In addition to being a reasonably upstanding tourist, I have been known to fall in with a crowd of international misfits and ne’er-do-wells usually referred by their vulgar name, “backpackers.” While sometimes thought of as an Australian phenomenon, they do in fact originate from points around the globe, including the US of A. In fact, I’ve met two other Americans in less than three weeks here in Japan. When trying to locate some backpackers, note that they tend to congregate in major cities where there is beer. The “A Bar” in Kyoto is a classic ex-pat sort of bar/restaurant, with a warm, friendly, laid-back atmosphere, Guinness, sake, and good, inexpensive food. If it had Beer Lao, I expect that some among us might never go home. They must have contacted the Lonely Planet to announce their existence, because they’re tucked away at the end of a long hallway on the second floor of a building on a very narrow side-street in Gion, and there’s no sign. Fortunately for us, the Irish among us sniffed them out.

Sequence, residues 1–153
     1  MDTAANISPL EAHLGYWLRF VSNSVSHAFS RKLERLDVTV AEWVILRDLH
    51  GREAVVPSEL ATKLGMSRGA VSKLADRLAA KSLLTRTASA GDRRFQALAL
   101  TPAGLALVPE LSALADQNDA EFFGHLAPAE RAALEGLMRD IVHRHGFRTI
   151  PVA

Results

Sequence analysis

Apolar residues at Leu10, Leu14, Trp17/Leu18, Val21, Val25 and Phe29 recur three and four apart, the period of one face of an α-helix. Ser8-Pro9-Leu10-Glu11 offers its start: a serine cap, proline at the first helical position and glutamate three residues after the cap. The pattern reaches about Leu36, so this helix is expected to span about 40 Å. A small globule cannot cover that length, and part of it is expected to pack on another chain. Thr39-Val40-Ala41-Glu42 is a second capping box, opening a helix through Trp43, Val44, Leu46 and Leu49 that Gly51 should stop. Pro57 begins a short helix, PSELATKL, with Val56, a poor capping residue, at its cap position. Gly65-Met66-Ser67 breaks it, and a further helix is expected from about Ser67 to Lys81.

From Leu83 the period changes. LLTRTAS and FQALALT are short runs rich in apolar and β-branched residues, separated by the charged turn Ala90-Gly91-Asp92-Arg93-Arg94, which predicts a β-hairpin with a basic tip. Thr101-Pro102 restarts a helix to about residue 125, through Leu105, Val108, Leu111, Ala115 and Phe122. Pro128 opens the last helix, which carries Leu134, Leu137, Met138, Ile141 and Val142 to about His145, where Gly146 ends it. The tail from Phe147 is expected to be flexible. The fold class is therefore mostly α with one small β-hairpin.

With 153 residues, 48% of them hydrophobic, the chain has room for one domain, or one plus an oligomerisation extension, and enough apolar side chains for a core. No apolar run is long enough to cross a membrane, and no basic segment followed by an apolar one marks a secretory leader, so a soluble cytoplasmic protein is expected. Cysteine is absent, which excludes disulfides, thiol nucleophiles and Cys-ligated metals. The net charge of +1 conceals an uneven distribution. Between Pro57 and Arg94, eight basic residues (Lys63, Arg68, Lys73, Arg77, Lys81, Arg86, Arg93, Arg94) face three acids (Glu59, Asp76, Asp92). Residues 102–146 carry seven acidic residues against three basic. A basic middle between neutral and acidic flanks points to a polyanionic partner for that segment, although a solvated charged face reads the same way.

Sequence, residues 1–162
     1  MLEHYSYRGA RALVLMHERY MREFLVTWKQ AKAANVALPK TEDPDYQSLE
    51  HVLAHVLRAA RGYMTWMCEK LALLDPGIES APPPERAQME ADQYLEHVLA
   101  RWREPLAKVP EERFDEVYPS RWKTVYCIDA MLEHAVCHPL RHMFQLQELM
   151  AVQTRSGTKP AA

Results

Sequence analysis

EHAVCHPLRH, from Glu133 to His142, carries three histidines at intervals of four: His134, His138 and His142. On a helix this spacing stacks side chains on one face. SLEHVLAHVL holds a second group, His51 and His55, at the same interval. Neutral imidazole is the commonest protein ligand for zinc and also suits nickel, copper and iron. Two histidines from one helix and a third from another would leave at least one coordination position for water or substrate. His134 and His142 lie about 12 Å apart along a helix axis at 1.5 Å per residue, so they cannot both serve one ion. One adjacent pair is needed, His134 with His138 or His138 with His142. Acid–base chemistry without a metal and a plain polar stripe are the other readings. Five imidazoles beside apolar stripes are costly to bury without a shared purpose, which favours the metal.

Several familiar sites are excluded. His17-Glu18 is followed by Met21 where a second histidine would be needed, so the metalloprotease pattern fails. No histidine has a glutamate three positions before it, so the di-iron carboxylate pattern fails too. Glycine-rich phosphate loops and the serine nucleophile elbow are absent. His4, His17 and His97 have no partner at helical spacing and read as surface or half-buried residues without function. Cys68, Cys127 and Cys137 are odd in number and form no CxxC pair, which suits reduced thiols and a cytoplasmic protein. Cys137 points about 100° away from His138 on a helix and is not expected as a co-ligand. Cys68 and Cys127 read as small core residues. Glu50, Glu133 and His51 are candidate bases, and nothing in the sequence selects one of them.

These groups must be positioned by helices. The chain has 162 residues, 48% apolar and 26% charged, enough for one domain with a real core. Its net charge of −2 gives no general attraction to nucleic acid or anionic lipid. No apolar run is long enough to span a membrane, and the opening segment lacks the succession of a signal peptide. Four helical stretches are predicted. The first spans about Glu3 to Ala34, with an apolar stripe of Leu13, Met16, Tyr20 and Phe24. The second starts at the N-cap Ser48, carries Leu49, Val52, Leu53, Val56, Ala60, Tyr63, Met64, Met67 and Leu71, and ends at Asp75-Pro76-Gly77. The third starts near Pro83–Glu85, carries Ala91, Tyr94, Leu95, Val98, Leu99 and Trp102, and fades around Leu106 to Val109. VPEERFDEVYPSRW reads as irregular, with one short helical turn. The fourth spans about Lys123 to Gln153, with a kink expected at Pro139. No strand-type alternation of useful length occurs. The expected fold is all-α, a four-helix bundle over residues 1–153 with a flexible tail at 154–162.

Even though there’s hardly room to park, I expect that many Japanese people are no different from any other gear-heads in their love for the automobile. Here are a couple of home-grown, but clearly respectable examples. I don’t believe this should be referred to as simply a motorcycle. And this, even though it appears to have been manufactured by Mitsubishi, and has some very unorthodox, and not quite flat, “flat-fenders,” appears to be a post-war, occupation-era, Japanese CJ-3A Jeep, not that I would have thought such a thing existed.
Regardless of the ex-pat bars, the choppers, or the Mitsubishi flat-fender, I must constantly remind myself that I’m a guest in a foreign country. Even though people here are incredibly kind and helpful, not only when one hypothetically leaves his large backpack full of clothing and such on a train bound for some distant destination [the small one with the important stuff being of course glued to him], but also in normal every-day circumstances and confusion, it pays to be on the lookout and follow local protocols wherever possible. Because, as this sign so clearly states, if you run in the subway, they cut of your arms.